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Quintana Roo hoteliers will shuttle guests to sargassum-free beaches

Quintana Roo hoteliers will shuttle guests to sargassum-free beaches

Hotel owners in the Riviera Maya of Quintana Roo are planning to transfer guests to properties with sargassum-free beaches so they can enjoy the white sands and turquoise waters for which the region is renowned.

The executive director of the Riviera Maya Hotel Association said the goal of the initiative is to show current and potential visitors that hoteliers are aware of the seaweed problem and are taking steps to ensure that tourists are not adversely affected.

Manuel Paredes Mendoza explained that the idea is feasible because more than 80% of hotels in the region belong to large chains that have several properties on the Quintana Roo coast.

Guests would be returned to their original hotel after the beach has been cleared of sargassum.

Speaking at an industry meeting, Paredes also said that Riviera Maya hotels are now offering guests options to partake in 160 different tourist-oriented activities and excursions that are not centered on the state’s famous beaches.

The Cancún sargassum monitoring network published this map Monday morning.

“We have to see sargassum as an opportunity to continue being competitive,” he said. “This problem isn’t local, it’s affecting 22 Caribbean countries . . .”

Conrad Bergwerf, chairman of the Riviera Maya Hotel Association, revealed that occupancy levels of hotels in the region fell to 13.2 million room nights last year from 13.6 million in 2017.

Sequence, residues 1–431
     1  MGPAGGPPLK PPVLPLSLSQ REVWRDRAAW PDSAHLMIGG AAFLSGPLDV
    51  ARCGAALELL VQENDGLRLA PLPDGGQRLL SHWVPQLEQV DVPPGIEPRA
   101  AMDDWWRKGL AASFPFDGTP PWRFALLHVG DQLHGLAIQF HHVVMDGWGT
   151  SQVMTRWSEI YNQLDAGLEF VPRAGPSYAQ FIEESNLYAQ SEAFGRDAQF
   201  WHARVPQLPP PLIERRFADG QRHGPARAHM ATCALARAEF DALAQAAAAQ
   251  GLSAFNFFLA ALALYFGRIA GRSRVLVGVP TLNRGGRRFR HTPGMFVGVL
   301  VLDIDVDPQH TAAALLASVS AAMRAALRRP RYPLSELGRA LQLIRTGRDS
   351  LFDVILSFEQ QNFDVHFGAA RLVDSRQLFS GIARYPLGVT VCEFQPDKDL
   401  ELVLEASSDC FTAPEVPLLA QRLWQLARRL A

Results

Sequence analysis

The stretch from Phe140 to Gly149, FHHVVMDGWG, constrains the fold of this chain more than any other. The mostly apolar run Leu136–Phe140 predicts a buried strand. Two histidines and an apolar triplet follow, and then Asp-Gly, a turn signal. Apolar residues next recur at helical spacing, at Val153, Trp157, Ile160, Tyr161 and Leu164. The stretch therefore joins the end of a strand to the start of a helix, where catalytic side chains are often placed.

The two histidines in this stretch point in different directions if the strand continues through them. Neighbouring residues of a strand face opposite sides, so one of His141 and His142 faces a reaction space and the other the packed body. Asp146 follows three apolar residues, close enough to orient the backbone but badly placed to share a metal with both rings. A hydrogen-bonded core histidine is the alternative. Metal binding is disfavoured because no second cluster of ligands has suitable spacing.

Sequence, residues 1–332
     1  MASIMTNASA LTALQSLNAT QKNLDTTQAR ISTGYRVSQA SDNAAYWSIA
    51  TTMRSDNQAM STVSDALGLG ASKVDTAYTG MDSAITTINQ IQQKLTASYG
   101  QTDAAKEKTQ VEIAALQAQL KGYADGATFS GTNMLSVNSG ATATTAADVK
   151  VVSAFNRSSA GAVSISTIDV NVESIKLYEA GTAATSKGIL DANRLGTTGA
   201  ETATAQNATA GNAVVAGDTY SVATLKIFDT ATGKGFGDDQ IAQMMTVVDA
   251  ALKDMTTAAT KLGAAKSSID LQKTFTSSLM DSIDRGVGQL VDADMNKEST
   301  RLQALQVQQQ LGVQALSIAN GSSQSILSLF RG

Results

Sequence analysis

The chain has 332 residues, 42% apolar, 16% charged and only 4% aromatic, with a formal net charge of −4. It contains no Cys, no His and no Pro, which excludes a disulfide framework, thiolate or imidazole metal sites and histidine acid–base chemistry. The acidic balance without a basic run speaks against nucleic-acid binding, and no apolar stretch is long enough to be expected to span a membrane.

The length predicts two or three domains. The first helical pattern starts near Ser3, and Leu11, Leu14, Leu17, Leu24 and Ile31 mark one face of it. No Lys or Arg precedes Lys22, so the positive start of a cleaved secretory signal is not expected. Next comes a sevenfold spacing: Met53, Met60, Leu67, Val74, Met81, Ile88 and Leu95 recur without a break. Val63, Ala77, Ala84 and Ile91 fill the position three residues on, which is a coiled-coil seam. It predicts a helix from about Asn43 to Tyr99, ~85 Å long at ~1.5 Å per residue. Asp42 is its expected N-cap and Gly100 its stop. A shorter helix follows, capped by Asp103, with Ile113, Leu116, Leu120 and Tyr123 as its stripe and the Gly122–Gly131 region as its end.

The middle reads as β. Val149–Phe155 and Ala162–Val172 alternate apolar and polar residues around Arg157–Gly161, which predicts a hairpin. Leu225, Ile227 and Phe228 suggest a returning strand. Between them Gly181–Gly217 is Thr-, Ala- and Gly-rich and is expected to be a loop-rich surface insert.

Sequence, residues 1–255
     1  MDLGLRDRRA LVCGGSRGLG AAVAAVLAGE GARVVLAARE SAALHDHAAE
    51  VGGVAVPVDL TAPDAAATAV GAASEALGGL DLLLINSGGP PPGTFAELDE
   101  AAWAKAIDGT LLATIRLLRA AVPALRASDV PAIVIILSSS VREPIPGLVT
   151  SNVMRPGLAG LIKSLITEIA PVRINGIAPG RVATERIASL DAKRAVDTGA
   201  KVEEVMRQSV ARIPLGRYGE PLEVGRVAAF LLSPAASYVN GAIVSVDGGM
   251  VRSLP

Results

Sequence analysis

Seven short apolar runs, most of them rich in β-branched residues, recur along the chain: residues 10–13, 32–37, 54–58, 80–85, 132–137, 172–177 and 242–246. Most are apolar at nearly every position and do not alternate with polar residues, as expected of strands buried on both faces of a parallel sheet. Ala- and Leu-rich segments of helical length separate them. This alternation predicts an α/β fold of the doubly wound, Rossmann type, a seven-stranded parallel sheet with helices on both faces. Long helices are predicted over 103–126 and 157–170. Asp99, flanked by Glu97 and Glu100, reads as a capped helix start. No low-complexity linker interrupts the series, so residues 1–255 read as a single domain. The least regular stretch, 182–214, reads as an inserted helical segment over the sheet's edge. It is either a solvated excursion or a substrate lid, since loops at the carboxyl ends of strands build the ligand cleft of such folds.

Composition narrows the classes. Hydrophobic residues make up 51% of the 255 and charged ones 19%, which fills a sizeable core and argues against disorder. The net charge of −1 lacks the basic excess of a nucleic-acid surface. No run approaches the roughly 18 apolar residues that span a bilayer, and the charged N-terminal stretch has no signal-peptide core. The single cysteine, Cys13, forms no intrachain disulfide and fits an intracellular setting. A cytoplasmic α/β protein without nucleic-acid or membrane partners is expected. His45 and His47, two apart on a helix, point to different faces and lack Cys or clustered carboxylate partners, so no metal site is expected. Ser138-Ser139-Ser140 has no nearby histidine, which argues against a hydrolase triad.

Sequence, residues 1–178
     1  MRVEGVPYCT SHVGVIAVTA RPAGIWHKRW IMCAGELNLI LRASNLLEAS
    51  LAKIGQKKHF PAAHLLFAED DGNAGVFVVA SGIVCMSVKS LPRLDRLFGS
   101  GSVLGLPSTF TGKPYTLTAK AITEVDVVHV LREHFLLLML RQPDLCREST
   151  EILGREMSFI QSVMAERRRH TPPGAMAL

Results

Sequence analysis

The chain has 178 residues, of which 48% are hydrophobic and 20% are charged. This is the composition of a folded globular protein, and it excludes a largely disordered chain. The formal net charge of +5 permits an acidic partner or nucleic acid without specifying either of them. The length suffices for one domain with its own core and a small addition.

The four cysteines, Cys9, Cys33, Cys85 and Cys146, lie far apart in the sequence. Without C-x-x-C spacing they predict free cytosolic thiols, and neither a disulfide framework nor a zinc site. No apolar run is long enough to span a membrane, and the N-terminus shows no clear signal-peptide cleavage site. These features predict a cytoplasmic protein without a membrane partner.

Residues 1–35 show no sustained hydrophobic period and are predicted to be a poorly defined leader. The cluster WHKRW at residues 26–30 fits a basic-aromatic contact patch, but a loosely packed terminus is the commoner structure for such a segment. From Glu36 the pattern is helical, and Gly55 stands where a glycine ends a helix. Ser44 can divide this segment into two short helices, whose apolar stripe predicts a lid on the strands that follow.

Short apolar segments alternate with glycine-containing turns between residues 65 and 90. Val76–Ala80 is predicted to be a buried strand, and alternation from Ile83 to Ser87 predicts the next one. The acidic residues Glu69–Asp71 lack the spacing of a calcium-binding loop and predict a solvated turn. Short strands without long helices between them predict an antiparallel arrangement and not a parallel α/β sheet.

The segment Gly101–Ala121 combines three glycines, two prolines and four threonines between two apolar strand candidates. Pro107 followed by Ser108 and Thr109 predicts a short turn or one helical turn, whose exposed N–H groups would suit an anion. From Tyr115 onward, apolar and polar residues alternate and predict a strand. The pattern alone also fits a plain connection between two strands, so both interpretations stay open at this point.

Sargassum and insecurity were the main reasons behind the downturn, he explained.

Hotel industry representatives urged the navy, which is leading efforts to combat the arrival of sargassum, to take strong action against the seasonal phenomenon.

Hoteliers said in May that government inaction had forced them to act on their own to deal with the tonnes of sargassum washing up on beaches in Quintana Roo.

While beaches in the north of Cancún as well as those on Isla Mujeres and Isla Holbox are currently not affected by large quantities of sargassum, other parts of the state’s coastline are seeing plenty of the macroalgae.

According to a report today by the Cancún sargassum monitoring network, a non-governmental organization, Tulum, Puerto Morelos, Bahía Petempich and the eastern coast of Cozumel are affected by “excessive” levels of the weed.

Playa del Carmen and other beaches between Tulum and Puerto Morelos are seeing “abundant” levels, as are Moon Palace, Cancún and Punta Nizuc.

Farther south in the state, huge quantities of sargassum that invaded the coastline last week are predicted to continue to arrive until July 12.

Source: El Economista (sp)